Polish Rebellion, 1863-1864




A.) The Situation Preceding the Rebellion

Czar Nicholas, associated by Polish patriots with the suppression of the Polish Rebellion of 1830-1831 and with a repressive policy toward Poland, died in 1855. Hopes invested in the new Czar, Alexander II., labelled a liberal, regarding a liberalization of the Russian administration in Poland, were soon disappointed. Poland lacked representative institutions, and even the establishment of a Polish law school was objected to by the Russian authorities. The ongoing industrialization, although reaching Poland later than countries in western Europe, caused social and economic problems that were to ne addressed. Polish patriots split into the moderate whites who hoped to gain concessions from the Russian authorities and the Reds who pursued a policy of conflict.
The progress made by Italian patriots (Garibaldi) in their quest for national unification made a great impression on Congress Polish intellectuals. The years 1860 and 1861 were characterized by a series of political demonstrations; the atmosphere was explosive. Gorchakoff, the Russian governor, realized that concessions had to be made to avoid a revolution; conservative, pro-Russian magnate Alexander Wielopolski was placed in charge of a commission supervising an educational reform (opening resp. reopening of Polish schools and colleges). The measures were did not satisfy the Polish patriots.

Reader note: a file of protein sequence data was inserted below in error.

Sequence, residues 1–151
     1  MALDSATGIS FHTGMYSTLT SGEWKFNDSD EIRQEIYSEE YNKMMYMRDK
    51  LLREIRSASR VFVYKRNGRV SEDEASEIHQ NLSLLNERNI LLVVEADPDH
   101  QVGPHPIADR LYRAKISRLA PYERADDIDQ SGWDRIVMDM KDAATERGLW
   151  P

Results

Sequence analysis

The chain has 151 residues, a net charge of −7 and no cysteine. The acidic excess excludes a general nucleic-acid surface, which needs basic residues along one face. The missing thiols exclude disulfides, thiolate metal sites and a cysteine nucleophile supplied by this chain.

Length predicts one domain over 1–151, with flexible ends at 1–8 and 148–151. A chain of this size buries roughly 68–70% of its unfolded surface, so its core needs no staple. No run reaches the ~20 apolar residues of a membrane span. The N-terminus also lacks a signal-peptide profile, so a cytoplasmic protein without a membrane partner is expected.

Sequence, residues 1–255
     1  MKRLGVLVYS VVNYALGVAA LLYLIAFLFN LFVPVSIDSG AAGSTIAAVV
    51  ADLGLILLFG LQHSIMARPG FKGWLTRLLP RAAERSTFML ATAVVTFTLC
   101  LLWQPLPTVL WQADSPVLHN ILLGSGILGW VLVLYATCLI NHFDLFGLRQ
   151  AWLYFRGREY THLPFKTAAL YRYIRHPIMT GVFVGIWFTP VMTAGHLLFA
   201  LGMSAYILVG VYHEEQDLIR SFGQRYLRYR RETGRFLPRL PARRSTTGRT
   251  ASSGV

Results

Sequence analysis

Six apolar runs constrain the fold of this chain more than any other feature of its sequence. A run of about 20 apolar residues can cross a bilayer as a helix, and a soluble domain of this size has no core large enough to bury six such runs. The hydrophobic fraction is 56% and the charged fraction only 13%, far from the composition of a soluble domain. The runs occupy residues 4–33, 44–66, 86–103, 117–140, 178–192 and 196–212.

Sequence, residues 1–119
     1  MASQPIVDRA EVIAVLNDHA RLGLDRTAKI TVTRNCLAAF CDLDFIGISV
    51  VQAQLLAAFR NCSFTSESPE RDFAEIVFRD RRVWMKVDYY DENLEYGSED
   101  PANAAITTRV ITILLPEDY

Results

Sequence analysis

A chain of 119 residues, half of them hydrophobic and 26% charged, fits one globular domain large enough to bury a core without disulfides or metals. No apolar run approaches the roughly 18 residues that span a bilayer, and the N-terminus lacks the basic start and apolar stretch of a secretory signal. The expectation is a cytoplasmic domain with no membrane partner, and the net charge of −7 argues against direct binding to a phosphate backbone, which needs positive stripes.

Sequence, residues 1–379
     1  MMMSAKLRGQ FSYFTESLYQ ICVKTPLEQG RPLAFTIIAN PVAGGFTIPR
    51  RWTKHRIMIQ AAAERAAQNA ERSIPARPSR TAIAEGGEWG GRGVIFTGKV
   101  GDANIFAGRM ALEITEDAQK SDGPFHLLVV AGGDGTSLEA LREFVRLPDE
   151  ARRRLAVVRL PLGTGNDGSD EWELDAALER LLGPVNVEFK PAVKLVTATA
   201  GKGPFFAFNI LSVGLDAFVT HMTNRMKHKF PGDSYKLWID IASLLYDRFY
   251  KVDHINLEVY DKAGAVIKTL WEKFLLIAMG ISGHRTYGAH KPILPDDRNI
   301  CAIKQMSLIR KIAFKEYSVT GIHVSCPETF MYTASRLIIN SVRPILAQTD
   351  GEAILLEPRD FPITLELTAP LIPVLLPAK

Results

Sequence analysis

B.) The Rebellion

Thousands of young men, in order to avoid conscription into the Russian army, hid in the forests. They organized themselves, were armed by the "Reds", and on January 22nd 1863 began the rebellion, in total c. 10,000 strong. Poorly armed and hardly trained, they faced regular government forces totalling 195,000 men. A PROVISIONAL GOVERNMENT was formed which proclaimed thorough political reforms and attempted to support the rebel army, which engaged in guerilla warfare. Abroad, the Poles registered a great degree of sympathy in public opinion; however no foreign government declared herself in favour of the rebels, Prussia even was to close her borders to prevent Polish patriots flee onto her territory.
In Poland, Bismarck's measure resulted in many Poles, among them magnates such as Wladislaw Czartoryski, taking up arms and joining the rebels; the rebellion spread into Lithuania, even affected Livonia, Belarus, the Ukraine.
The escalation of the rebellion had caused the Russian administration to alter her policy. Recognizing the division of the Polish rebels in a radical and a conservative element, the government proclaimed the emancipation of the serfs in the Polish areas (1863), a measure which alienated especially the non-Polish serfs in Lithuania, Belarus, Ukraine and their Polish former owners. Russian forces proceeded with brutality against the rebels. The war ended in September 1864, with the execution of members of the Provisional Government; on the Polish side the number of victims is given at 25,000.

C.) Legacy

The border regulation of 1921 assigned western Belarussian and western Ukrainian territory to Poland (and the larger remainder soon to be included in the USSR). However, despite these inclusions, Poland became a unitary state; the federal concept was not implemented.


EXTERNAL
FILES
The Uprising of 1863 and the Era of Positivism, from History of Poland, by F. Kobylarz Biography of Joseph Dabrowski, from Catholic Encyclopedia
January Revolt in Polish Lands of Russia 1863-1864, from ACED
Deluge: Siberian Exile and the 1863 Polish Uprising, by Andrew Gentes, Rutgers
DOCUMENTS Medal for the suppression of Polish rebellion 1863-1864, posted by Ice Warrior, a commercial site



This page is part of World History at KMLA
First posted on May 28th 2003, last revised on November 19th 2004

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